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Syracuse DT Jayson Bromley overcomes dark past for bright future in NFL
Article written by: Ralph Vacchiano
He avoided the gangs and drugs on the streets of Jamaica, Queens, and the pimps and prostitutes that were frequent visitors to his apartment building. He sidestepped the roaches in his kitchen and the rats in the living room, too.
The only thing he couldn’t avoid was the anger. So a young Jayson Bromley, long before he became a football prospect, became a fighter. He fought anyone, anywhere, anytime, for any reason — mostly for no good reason at all.
“You couldn’t look at him,” says Frances Nimmons, the woman he calls Mom. “If somebody looked at him wrong, he’d fight him. He just was a kid with problems.”
“I had anger problems,” Bromley says. “All I wanted to do was fight people. I’d get mad and I’d black out and you couldn’t control me.”
He never figured out why that happened, despite years of counseling and endless talks with his mother. Maybe it came from the knowledge that his biological mother abandoned him when he was 3 months old, or that six months later his biological father was arrested for murder. Maybe it was all the crime around him, or the rodents that had become like pets.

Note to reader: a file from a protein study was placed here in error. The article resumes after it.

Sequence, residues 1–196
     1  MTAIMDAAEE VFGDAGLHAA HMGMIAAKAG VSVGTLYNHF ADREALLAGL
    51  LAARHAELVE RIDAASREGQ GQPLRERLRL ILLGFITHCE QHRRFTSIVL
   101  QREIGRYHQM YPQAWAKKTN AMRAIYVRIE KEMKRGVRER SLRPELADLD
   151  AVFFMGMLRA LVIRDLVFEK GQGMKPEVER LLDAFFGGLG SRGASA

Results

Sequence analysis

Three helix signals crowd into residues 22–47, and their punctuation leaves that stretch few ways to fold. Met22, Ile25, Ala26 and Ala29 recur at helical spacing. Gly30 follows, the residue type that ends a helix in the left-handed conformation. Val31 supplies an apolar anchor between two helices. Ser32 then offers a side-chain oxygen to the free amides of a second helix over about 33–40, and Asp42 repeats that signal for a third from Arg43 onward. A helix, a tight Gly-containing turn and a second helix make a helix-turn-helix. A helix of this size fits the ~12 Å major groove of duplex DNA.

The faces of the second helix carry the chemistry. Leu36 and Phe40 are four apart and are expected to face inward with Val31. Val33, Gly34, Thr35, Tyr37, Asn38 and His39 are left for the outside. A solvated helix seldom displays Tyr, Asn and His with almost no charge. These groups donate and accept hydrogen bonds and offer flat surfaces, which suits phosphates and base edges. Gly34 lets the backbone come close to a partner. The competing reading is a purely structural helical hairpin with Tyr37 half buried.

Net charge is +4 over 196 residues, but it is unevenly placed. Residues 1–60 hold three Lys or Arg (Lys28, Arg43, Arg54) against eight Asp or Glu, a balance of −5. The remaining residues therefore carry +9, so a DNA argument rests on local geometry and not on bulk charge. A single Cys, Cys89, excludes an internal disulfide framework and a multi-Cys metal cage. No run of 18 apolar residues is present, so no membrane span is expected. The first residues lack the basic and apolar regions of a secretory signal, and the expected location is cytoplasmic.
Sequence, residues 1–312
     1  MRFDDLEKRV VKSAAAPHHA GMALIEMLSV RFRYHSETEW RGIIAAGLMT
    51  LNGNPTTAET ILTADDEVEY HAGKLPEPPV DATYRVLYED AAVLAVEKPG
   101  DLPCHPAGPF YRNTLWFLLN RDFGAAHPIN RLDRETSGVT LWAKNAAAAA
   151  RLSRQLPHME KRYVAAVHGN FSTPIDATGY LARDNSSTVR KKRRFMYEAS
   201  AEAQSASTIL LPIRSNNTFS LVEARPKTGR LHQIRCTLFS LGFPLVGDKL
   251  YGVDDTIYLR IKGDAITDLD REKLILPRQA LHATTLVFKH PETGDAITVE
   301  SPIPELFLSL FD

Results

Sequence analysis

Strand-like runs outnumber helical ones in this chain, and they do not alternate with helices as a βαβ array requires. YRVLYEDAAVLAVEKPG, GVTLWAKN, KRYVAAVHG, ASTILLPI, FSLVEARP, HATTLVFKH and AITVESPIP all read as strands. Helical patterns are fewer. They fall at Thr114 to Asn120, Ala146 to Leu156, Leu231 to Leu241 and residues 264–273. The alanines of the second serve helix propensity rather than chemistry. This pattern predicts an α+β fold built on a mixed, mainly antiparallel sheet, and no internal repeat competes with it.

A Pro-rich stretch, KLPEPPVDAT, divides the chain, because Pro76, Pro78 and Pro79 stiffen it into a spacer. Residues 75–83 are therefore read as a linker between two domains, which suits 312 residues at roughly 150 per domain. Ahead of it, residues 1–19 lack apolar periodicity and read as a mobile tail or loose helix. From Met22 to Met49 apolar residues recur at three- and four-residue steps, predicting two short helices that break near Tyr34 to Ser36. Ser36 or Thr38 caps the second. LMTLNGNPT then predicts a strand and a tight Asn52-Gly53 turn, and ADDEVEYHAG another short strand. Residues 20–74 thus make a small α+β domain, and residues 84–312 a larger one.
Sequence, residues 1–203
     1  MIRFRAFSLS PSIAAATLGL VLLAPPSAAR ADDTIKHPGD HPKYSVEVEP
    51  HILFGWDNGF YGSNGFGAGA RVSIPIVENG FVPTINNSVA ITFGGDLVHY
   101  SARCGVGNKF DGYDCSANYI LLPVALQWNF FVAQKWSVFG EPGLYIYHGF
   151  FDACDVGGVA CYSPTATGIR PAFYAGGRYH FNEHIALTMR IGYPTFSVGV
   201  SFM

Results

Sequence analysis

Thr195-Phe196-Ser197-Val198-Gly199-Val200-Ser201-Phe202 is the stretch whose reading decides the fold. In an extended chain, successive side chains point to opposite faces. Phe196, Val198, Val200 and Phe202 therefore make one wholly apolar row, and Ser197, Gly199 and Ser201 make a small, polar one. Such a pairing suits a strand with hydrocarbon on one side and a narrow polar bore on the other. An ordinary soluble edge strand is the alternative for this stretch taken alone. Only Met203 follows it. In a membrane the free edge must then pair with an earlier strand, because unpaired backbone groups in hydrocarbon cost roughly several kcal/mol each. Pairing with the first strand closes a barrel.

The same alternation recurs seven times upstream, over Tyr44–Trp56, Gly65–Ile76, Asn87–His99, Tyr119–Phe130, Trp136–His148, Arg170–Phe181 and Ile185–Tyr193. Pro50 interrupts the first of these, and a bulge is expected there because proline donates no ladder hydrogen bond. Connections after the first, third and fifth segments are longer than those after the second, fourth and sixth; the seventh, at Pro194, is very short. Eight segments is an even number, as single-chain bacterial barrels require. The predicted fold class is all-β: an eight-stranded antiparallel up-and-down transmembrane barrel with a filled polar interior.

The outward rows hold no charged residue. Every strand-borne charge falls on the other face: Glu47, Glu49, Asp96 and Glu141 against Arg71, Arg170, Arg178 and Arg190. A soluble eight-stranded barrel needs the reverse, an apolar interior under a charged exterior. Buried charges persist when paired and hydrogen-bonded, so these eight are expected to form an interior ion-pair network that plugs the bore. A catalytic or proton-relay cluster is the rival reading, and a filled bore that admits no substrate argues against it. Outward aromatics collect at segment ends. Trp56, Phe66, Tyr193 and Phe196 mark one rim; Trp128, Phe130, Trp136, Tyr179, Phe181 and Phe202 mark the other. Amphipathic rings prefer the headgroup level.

Wherever the anger began, there was no question of where it ended.
“It didn’t stop until I started playing football,” Bromley says. “Football really calmed me down.”
Sitting in a lounge just outside the spacious weight room inside the football building at Syracuse University, Bromley, now 21 and long past his days at Flushing High School, admits he’s amazed at what he’s become — a 6-3, 306-pound defensive tackle coming off a 10-sack season, standing on the edge of the NFL. Football was never his dream. He was just a “chubby kid” who liked to hit people. For years the only football he played was unorganized tackle on the street.
Yet here he is, just a few days from graduating from Syracuse — the only Division I school that offered him a scholarship, reluctantly — on the same weekend he’ll likely hear his name called by the NFL. He has been projected as high as a third-rounder, though most peg him somewhere between Rounds 4 and 6.
Bromley, though, believes he should go much higher.
“I’ve watched the best D-tackles in the country and I look at them and say ‘Ain’t nothing that they do that I don’t do — that I can’t do,’ ” he says. “Aaron Donald (a defensive tackle from Pittsburgh) was the best defensive player in the country this year. But I told him ‘If me and you are on the same team, I’m starting.’ ”
“That’s who he’s always been,” says Syracuse defensive line coach Tim Daoust. “He wants to know, Where is the bar set? Who are the great ones?”
“He is so determined,” Nimmons adds. “It’s scary.”